Although a life-long fan of baseball, I have been to very few professional ballparks. I have lived in three major league cities: Baltimore, Miami, and now Seattle. I did more than my share of riding the pine in the bleachers in these three towns. It has never taken much of an excuse to get me to go to a game and they were all enjoyable. I’ve been to a World Series game in Miami and a few playoff games here in Seattle, but by far my biggest thrill thus far was going to Wrigley Field for a game this past Memorial Day weekend.
I’ve seen Wrigley so many times on TV that I feel like I’ve been there, but the sad truth is that up until this past Thursday I was just a virtual fan of the 100 year old stadium.
My first impression of Wrigley could not have been better. We parked across the street from Murphy’s Bleachers, a great bar somewhere beyond right-center field. It was a beautiful day in Chicago and the outside patio of the bar was already filled with fans performing their pre-game ritual of consuming the communion of baseball which differs slightly from the rite that I learned growing up Catholic. The blood and flesh of baseball consists of beer and a hot dog. I like mustard on my communion wafer and I went back to the bar to have another round from the chalice. Here at Wrigley the chalice takes the form of a 16 ounce can of Old Milwaukee. The blood of baseball costs $5.50 outside at Murphy’s—which is expensive—and $5.50 inside the ballpark—which is incredibly inexpensive.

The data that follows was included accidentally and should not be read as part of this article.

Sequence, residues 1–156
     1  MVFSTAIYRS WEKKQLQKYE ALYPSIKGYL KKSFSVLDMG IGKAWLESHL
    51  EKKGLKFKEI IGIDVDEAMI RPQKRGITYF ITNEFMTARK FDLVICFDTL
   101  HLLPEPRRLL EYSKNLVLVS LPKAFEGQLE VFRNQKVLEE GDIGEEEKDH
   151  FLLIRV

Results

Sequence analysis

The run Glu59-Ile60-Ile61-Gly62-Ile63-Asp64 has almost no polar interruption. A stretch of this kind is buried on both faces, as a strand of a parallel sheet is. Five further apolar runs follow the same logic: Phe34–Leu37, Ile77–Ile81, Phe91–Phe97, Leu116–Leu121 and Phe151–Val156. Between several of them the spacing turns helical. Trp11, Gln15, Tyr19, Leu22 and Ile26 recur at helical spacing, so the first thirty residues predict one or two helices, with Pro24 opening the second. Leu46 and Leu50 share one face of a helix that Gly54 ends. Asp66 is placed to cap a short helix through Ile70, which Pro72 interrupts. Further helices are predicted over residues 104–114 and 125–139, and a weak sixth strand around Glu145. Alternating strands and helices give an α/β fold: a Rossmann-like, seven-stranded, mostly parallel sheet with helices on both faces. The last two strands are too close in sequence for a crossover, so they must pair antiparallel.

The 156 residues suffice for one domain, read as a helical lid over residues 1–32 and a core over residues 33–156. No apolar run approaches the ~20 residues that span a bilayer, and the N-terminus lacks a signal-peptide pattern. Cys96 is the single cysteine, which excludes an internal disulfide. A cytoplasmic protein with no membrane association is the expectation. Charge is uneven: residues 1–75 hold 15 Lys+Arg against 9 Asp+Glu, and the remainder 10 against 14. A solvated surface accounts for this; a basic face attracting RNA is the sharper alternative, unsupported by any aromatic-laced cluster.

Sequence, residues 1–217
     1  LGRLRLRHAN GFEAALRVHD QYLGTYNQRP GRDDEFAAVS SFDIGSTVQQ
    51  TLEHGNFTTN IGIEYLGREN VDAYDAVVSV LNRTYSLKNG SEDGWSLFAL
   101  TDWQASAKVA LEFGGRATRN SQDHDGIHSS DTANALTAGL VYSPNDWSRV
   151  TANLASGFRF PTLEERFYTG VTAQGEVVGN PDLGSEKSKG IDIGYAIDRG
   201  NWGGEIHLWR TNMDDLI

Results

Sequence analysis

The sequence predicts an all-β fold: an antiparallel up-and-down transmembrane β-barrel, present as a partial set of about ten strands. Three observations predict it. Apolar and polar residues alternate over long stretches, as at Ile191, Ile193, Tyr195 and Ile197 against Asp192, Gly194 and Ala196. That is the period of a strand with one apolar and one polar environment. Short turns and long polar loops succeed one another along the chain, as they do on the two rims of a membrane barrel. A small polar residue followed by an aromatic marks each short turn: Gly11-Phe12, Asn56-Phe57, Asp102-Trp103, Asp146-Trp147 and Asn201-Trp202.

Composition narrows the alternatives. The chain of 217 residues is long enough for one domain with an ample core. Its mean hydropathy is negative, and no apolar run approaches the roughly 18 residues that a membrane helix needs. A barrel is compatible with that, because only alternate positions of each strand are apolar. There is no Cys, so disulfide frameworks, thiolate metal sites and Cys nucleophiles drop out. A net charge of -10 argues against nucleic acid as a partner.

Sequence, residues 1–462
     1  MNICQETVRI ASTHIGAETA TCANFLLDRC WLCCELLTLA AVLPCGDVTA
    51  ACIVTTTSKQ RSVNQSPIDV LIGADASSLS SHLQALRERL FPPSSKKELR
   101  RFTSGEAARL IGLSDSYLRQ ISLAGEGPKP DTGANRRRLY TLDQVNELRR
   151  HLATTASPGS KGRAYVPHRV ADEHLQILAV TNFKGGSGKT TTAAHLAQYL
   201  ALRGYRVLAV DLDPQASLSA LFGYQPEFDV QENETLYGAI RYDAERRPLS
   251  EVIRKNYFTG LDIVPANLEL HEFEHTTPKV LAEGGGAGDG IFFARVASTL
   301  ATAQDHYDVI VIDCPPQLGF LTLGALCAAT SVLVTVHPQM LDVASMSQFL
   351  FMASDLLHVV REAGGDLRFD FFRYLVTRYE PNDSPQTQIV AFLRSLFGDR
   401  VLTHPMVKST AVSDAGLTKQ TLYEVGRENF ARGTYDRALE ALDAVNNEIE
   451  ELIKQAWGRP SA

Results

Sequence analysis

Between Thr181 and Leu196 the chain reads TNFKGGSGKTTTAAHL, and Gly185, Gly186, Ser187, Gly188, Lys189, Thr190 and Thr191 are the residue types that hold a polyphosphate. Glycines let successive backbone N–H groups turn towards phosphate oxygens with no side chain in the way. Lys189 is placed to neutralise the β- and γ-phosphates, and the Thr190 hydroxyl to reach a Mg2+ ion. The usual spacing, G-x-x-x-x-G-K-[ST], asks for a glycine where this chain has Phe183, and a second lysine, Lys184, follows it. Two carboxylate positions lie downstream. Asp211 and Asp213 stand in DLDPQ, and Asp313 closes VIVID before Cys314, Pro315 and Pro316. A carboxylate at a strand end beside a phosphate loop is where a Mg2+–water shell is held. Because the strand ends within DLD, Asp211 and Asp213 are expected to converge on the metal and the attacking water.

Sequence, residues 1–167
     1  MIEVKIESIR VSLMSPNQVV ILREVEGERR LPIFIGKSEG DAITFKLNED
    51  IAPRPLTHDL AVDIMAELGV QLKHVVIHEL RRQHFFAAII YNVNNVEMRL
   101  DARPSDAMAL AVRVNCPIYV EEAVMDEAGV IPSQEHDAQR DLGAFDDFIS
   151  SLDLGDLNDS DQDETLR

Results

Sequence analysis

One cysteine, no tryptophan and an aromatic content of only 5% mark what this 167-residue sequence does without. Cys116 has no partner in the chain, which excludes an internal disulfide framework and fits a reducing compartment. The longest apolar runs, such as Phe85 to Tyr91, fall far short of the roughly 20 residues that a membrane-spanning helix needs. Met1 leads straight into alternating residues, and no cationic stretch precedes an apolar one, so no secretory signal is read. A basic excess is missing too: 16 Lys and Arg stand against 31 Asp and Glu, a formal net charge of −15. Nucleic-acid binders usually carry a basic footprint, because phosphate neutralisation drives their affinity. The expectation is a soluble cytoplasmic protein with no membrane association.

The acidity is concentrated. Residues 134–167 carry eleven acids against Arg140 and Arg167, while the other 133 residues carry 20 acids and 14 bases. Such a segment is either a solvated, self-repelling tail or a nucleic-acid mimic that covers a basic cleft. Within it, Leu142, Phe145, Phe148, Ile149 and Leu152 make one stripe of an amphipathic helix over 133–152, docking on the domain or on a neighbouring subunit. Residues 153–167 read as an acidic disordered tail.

We walked around the small city block that encompasses the park just to see the neighborhood and scope out the other bars. I’ve only been to one game there but I can already say without hesitation that Murphy’s is my Wrigley Field pre-game tradition, and that is something that I don’t take casually.
The injured and completely hapless Cubs played Atlanta on this afternoon of May 25, 2006. Seeing that this is baseball all of the facts of the game are somewhere in the record books for anyone to see. Take it from someone who was there: don’t bother. This was probably the worst major league baseball that I have ever seen live—and I’ve seen some lousy baseball in my career as a fan. The bush-league play didn’t affect our enjoyment of the game in the least. It didn’t seem to bother anyone else in the sellout crowd of over 40,000.
Since we were a group of 11, some of whom care little for the game, I introduced everyone to my beer cup betting game that I have described in detail somewhere in my writing. The rules of the game necessitate the need for everyone to watch every single pitch that is thrown, and watch we all did. Try pulling that off with a group of 11. I was disappointed that the two kids participating didn’t win one of the pots but I supposed it is important for them to learn, sooner better than later, that life is cruel. I won my pot when my batter hit a home run. Sorry kids and don’t forget to put in an extra buck when you hand me my winnings.
To answer the question that I asked several weeks ago it turns out that after everyone sings “Take Me Out to the Ballgame” they don’t play a song on the P.A. at Wrigley as they do at other parks, but they do play “YMCA” at a later break in the game. I think that they need a new tradition at Wrigley. They need to dump “YMCA” and find a cool song to play at the end of the 7th inning stretch.